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Business

The blind watchmaker

TOKYO -- Calculators helped make Japan into a leading global electronics nation. Two Japanese consumer electronics makers, Sharp and Casio Computer, have been the top two calculator makers for decades. The futures look very different.

     The first commercial vacuum-tube calculators were made in Britain in 1962. Numbers do not face language barriers, and soon Japan came to dominate the market. Sharp released the world's first desktop calculator with all-transistor diodes in 1964. As made in Japan calculators spread across the globe, the nation developed technologies such as semiconductors, liquid crystal displays and solar batteries.

     Tokuji Hayakawa, Sharp's founder and first president, predicted that integrated circuits would be the next market driver after transistors. He invited a talented engineer, Tadashi Sasaki of Kobe Kogyo, which produced the first transistors in Japan, to join Sharp in 1964. The company introduced the world's first calculator built with integrated circuits in 1966. By 1969, it had a calculator with large-scale integrated chips on the market.

     Casio has competed against Sharp on calculators for decades. In 1972, Casio slashed the price of calculators by introducing the Casio Mini, a hand-held sized model, at 12,800 yen ($103). Sharp responded by releasing a model with an LCD in 1973 and one that was solar-powered in 1976. Sharp fended off pricing pressure by focusing on the functions of its devises.

     Haruo Tsuji, the Sharp's third president who took office in June 1986, promoted large-sized LCD panels. In 1999, the company released 20-inch LCD televisions. The technology has allowed televisions with large, flat displays that weigh much less than models with heavy Braun picture tubes.

     Mikio Katayama, the fifth president of Sharp, continued to focus on LCD. The clarity of recent ultrahigh-definition displays, such as 4K and 8K, is stunning. But it is not as shocking as the moment when LCD overtook picture tube TVs.

     As South Korean news provider JoongAng Daily reported in May on its website, South Korean LG Display's latest 55-inch model features organic light-emitting diodes displays that are as thin and light as wallpaper. The display is 0.97mm thick and weighs 1.9kg. Sharp perhaps should have focused on OLED.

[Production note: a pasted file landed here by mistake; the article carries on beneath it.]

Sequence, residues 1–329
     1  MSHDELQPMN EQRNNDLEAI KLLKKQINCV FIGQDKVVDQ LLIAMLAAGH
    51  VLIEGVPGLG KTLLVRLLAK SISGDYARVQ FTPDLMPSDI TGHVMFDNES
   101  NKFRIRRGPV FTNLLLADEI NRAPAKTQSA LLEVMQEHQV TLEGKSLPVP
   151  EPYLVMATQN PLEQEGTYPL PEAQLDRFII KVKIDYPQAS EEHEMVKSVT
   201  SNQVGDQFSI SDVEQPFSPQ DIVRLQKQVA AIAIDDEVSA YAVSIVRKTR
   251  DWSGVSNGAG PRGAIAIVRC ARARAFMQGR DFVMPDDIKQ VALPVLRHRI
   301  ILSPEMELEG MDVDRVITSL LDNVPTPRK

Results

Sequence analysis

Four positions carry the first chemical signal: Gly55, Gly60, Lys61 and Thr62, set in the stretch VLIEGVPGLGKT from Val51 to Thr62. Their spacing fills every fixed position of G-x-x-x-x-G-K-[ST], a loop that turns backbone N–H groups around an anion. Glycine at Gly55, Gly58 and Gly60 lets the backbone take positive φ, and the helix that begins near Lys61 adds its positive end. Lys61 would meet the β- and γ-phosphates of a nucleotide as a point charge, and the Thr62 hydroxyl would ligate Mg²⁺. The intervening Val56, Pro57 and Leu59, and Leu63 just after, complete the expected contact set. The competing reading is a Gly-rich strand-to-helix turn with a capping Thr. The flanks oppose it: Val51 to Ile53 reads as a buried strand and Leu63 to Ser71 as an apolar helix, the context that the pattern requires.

Masayuki Hakata, Casio's former managing director, recalls that his company gave up on producing devices on its own to cut capital spending. Instead, Casio has focused on enhancing functions of the devices. Casio has the majority market share in electronic dictionaries, which evolved from calculators. "If we stop, our products will be outdated," Hakata said.

     Many businesses advocate "selection and concentration" in their company strategies. In contrast, Tsuneji Togami, former president of Yamaha Motor who launched the industrial robot business during his tenure, explains the advantage of the principle of widening the field and being independent. According to Togami, a company should pay attention to niche opportunities in fields that competitors do not operate in. From experience, he knows that niche markets can become a major market over time and increase company stability.

     Casio's digital watch business, renowned for G-Shock, is a good example of this. The company first launched its digital watch business in 1974. For the period ending March 2016, Casio is expecting to post a 8 million units in G-Shock sales and record 33 billion yen in consolidated net profit.

     Sharp, which has concentrated on its LED business, posted a loss of 222.3 billion yen for the fiscal year ended March 2015. In May, President Kozo Takahashi announced a medium-term management plan that includes the sale of the company's headquarters and a voluntary redundancy program for up to 3,500 employees. The company has paid dearly for focusing on LCD for too long. The company is in trouble because it failed to develop strong new product lines.

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